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  • Jonathan Palaci

I Was Wrong.



“I. WAS. WRONG.”


This blog post is straight to the point. It’s about 3 simple words that can drastically change the course of your life if they are practiced genuinely from the heart. Those words are…


“I WAS WRONG.” Here’s why:


Makes you more RELATIONAL


Whether a person is an introvert, extrovert, outgoing, anti-social, or whatever else one fills in the blank to describe a person’s personality, you and I were created for community. We were created to deeply benefit from relationships with God and others. God is relational by very essence and nature, so when he created us in His image, the need to depend upon relationships as human beings is part of the way we are wired. Of course, we can all agree that relationships are difficult, tempting us to distance and disconnect ourselves from others or to be selective and cynical toward others. But if that’s the case, we should aim to change that about ourselves as much as possible. The reality is that for many people relationships are the cause of extreme pain and wounds throughout their lives. That’s why the encouragement from this post is to learn to express these simple words as often as possible and necessary, “I WAS WRONG.” This can change so much about the outcome of your relationships, and it needs to be a part of how we function when we look in the mirror and others.


Makes you more AUTHENTIC


For example, one of the best practices I continue to grow in with my kids is to tell them as often as necessary that “I was wrong.” Now, it’s easy to write about it, but in the heat of the moment, admitting I was wrong can be extremely hard for me on an emotional level. However, I’ve learned that the people closest to me get the real AUTHENTIC ME when they know I’m not always right or always have to get my way.


This is important, because people will pick up on our hypocrisies and will hold them against us in different ways when we don’t learn to consider when we may be wrong.

This creates wedges in our connection with those we love, only to produce more division in our relationships.


Makes you more APPROACHABLE


Therefore, we want to make sure we are approachable with others. We may have a lot to offer. We may deeply love others. But when we are not vulnerable to admit and express when we are wrong, we affect the flow of how others view us. That then produces consequences that will affect so many other areas of our lives. However,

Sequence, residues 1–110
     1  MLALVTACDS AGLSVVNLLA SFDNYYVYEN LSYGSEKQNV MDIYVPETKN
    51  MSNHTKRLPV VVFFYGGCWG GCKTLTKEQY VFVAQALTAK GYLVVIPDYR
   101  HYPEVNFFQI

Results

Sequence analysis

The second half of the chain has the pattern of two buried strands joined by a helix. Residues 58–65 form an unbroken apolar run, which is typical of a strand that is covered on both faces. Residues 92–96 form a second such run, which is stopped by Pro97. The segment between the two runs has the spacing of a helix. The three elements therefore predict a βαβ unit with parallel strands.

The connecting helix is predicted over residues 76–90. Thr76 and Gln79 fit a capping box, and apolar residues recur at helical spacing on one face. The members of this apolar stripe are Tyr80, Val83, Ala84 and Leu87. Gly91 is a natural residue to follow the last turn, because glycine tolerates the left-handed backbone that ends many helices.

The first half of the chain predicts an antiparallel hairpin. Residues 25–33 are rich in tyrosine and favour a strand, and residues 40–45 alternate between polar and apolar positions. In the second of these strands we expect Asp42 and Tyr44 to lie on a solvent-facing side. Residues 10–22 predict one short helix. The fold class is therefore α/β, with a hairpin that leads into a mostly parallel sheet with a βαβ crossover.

when I let down my guard through the public acknowledgment of my shortcomings, I simply become more welcoming and inviting, letting others in.

That blesses me and the atmosphere around me. That will also open the door to expressing follow up statements like, “I’m sorry”, “I’m working on this area”, “I’m still growing”, etc. And all this will simply create the peace and freedom we all long for in our relationships.


To summarize, let’s remember these last final thoughts. We get to admit we are wrong, because all have sinned and fall short of the glory of God (Romans 3:23). Being wrong is an inevitable part of all of our lives, not just before God, but also before others. Therefore, why avoid it? Why sweep things under the rug? Why deflect or ignore it? You’re only prolonging and deepening issues between yourself and others. Instead, the next time you realize there is tension in a relationship, break through that tension by being vulnerable and seeking to admit and confess that you were wrong. It’ll change your life and open doors that you thought would never be open again. The result of it will be PEACE and FREEDOM for your soul.






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Ashley E. Diaz
Ashley E. Diaz
Sep 30, 2021

Thank you for sharing! There is also so much freedom in admitting you were wrong and asking for forgivenes, even if you don’t receive the forgiveness. Just the action of admitting requires both physical and emotional work. Always worth it.

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